KOSPI ( 코스피 지수 ) is a South Korean stock index, which tracks the market capitalization on the Korea Exchange Korea Exchange ( KRX ) listed companies. KOSPI stands for Korea Composite Stock Price Index and has been used since 1983. It is defined so that the index would have adopted on January 4, 1980 the value 100.
The KOSPI is a price index in which all public companies in Korea Exchange ( KRX ) are listed. It reflects the development of the entire South Korean stock market. The Index will be determined solely on the basis of share prices and adjusted only to income from subscription rights and special. The weighting is based on the market capitalization of the companies listed. Corporate actions such as stock splits have no ( distorting ) influence on the index. The calculation is updated every second during the KRX trading from 09:00 bis 15:00 clock clock local time ( 01:00 bis 07:00 clock clock CET).
The KOSPI was first published in 1983 and back-calculated to 31 December 1975 to an index value of 89.73 points. On August 19, 1987, the South Korean leading index closed at 500.73 points for the first time on the 500 - point mark on 31 March 1989 with 1003.31 points for the first time above the limit of 1,000 points. On April 1, 1989, the KOSPI stood at 1007.77 points. The gain in 1975 is 1023.1 percent.
During the recession of the early 1990s, the index fell to 21 August 1992 at 54.4 percent, closing at 459.07 points. The economic recovery was the KOSPI rise again in the next three years. On 14 October 1995, the index ended the day at 1016.77 points. That was an increase since August 1992 at 121.5 percent.
The Asian crisis led to a sharp outflow of capital from South Korea. The KOSPI closed on 16 June 1998 with 280.00 points, its lowest level since 12 January 1987. Loss Since October 1995 is 72.5 percent. By 4 January 2000, the index rose to a closing level of 1059.04 points. That was in June 1998, an increase of 278.2 percent.
On 12 September 2001, the South Korean benchmark index suffered with 12.02 percent of the biggest daily loss in its history. This was due to the terrorist attacks on 11 September 2001 in the United States.
After the bursting of the speculative bubble in the technology sector ( dotcom bubble ) of KOSPI fell to a low of 468.76 points to 17 September 2001. That was a decline since January 2000 by 55.7 percent. The September 17, 2001 marked the end of the descent. From the autumn of 2001, the index was back on the way up. On April 9, 2007, the KOSPI closed at 1501.06 points for the first time above the limit of 1,500 points and on 25 July 2007 with 2004.22 points for the first time over the 2,000 -point mark. On 31 October 2007 the KOSPI marked with a closing level of 2064.85 points, a record high. That was in September 2001, an increase of 340.5 percent.
In the course of the international financial crisis in the U.S. real estate crisis originated in the summer of 2007, the index began to fall again. From the 3rd quarter of 2008, the crisis had an increasing impact on the real economy. As a result, stock prices plummeted worldwide. A new low was achieved by the KOSPI on 24 October 2008, when he finished trading with 938.75 points. This represents a decline since October 31, 2007 by 54.5 percent.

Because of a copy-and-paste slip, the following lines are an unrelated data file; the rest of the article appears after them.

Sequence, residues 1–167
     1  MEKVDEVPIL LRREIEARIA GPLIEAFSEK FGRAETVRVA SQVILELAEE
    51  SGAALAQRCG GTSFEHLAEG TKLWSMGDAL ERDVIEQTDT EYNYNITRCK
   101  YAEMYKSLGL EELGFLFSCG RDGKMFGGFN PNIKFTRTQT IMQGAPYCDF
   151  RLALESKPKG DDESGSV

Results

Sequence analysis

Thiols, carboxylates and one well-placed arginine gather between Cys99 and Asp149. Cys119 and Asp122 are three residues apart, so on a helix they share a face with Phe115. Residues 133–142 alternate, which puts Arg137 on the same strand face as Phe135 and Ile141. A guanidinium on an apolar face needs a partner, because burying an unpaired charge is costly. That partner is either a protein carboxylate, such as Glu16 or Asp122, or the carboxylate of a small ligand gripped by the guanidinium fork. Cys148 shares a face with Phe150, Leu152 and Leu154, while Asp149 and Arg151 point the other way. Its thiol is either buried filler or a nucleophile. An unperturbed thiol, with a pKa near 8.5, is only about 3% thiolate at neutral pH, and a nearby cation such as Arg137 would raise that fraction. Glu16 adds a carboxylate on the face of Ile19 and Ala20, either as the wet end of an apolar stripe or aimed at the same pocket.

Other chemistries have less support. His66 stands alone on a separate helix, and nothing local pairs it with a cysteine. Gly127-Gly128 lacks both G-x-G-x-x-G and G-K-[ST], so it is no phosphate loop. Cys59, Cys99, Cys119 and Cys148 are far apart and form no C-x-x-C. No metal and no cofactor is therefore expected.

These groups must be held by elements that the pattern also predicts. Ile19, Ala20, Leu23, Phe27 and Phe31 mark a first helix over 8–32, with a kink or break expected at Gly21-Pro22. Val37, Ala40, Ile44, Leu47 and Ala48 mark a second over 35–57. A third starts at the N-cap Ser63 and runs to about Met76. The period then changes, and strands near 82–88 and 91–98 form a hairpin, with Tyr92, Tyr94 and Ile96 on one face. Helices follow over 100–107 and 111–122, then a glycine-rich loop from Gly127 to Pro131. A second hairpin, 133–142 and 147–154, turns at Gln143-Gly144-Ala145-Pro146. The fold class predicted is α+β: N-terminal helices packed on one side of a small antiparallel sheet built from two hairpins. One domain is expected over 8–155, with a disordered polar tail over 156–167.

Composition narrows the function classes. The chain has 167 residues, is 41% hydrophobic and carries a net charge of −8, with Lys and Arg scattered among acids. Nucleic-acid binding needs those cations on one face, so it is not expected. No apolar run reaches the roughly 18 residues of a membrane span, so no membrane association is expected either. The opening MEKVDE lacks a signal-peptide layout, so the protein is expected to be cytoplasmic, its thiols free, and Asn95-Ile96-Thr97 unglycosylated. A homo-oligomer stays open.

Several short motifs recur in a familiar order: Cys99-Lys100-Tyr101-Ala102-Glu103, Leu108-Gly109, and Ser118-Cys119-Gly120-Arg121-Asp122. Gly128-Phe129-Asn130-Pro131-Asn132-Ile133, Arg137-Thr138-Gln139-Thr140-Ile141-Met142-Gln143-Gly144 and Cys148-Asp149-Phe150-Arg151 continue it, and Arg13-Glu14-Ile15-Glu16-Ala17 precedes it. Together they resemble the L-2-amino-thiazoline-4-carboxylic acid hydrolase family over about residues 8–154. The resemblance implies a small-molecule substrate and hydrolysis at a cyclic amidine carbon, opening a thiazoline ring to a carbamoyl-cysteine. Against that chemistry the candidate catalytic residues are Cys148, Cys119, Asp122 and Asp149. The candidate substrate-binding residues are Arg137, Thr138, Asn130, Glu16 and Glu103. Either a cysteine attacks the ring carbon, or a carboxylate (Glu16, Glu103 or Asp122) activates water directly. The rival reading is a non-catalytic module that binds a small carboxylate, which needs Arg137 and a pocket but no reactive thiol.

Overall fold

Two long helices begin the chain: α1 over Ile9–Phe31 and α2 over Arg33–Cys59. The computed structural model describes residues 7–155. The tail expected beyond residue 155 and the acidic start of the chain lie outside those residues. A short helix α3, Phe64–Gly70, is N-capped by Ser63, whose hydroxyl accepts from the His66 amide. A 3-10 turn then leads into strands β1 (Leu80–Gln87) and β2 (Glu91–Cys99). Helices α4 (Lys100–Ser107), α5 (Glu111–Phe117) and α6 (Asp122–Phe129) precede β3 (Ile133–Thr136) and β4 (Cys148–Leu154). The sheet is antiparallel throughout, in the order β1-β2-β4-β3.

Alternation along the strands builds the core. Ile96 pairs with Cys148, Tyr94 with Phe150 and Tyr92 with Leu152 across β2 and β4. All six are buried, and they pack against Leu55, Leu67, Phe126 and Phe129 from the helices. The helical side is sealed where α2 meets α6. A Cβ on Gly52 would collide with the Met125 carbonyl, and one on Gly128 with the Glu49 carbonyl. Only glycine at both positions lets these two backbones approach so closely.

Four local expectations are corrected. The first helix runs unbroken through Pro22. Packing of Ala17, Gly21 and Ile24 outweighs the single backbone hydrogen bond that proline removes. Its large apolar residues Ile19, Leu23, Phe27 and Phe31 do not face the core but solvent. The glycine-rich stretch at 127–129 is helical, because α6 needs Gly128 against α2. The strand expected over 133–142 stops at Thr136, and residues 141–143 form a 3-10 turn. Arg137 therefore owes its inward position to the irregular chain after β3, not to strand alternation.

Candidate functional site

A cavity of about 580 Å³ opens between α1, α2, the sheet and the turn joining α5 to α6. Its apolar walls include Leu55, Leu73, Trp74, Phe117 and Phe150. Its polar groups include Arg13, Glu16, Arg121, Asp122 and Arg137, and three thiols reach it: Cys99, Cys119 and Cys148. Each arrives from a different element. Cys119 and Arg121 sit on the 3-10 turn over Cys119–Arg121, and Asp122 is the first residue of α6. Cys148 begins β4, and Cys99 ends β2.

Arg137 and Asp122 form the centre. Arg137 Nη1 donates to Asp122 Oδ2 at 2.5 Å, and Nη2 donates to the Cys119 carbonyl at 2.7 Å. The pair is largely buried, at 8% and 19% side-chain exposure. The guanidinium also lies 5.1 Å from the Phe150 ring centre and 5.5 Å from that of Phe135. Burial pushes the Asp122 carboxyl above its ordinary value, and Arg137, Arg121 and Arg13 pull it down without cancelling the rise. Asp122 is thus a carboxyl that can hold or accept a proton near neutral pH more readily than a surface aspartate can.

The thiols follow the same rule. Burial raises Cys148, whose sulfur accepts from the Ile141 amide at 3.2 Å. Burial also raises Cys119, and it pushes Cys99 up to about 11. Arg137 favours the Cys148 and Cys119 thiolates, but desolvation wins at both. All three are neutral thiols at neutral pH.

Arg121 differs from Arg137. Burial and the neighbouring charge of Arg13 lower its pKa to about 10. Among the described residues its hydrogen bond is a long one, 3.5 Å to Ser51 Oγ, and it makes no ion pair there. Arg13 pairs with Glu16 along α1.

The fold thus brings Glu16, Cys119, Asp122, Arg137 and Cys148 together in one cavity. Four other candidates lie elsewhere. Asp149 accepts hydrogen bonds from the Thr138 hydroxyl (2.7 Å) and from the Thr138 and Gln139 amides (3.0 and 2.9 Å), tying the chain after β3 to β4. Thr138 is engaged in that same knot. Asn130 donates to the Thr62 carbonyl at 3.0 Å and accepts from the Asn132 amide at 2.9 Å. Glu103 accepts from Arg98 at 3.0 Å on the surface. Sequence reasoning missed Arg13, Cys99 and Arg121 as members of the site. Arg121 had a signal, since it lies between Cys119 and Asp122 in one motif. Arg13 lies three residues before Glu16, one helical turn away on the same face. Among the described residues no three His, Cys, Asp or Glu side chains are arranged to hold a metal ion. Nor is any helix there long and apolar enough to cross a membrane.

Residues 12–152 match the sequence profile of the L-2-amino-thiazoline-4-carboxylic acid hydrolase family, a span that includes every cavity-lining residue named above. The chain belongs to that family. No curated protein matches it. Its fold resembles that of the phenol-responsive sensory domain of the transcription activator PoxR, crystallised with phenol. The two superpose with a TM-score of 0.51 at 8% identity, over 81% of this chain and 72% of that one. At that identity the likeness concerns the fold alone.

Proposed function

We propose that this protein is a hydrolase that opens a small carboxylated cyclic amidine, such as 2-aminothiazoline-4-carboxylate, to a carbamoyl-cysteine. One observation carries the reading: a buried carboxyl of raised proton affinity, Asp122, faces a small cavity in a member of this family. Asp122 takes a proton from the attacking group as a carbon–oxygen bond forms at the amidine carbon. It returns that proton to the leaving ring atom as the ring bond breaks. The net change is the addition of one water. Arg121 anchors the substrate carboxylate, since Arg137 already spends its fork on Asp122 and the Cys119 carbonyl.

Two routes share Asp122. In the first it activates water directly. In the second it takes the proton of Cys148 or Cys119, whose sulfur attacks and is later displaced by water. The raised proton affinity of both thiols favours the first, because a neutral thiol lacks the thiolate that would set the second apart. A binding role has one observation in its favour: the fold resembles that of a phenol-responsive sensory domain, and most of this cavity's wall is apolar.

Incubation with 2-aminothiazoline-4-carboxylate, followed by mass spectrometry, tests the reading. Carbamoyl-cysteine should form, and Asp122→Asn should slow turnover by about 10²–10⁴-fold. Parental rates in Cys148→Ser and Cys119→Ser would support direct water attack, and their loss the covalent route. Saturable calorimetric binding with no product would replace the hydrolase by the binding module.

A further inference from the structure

October 24, 2008 marks the turning point of the descent. From the autumn of 2008, the index was back on the way up. On 30 October 2008, the KOSPI achieved with 11.95 percent of the largest daily gain in its history. On 2 May 2011, the South Korean leading index with a closing level of 2228.96 points, an all time high. The gain since October 2008, is 137.4 percent.
The slowdown in the global economy and the intensification of the euro crisis led to a fall in the South Korean leading index. On 26 September 2011, the KOSPI ended trading at 1652.71 points. The loss since its peak on 2 May 2011 is 25.8 percent. A recovery of prices led to gains in the stock market. On 3 April 2012, the index closed higher than six months ago at 2049.28 points, up by 24.0 percent.
The overview shows the all-time highs of KOSPI.
The table shows the milestones of the KOSPI since 1980.
The best days
The table shows the best days of the KOSPI since 1980.
The worst day
The table shows the worst days of the KOSPI since 1980.
The table shows the development of the back-calculated to 1975 KOSPI.
More KOSPI indices
In addition to the KOSPI there are a number of other indices, which reflect the market capitalization of Korean companies.
- KOSPI 50 - reflects the market value of the 50 companies in Korea with the highest market capitalization
- KOSPI 100 - analogous to the KOSPI 50 for 100 companies
- KOSPI 200 - analogous to the KOSPI 50 for 200 companies
- KOSPI IT - tracks the 20 most highly capitalized companies in the Korean IT industry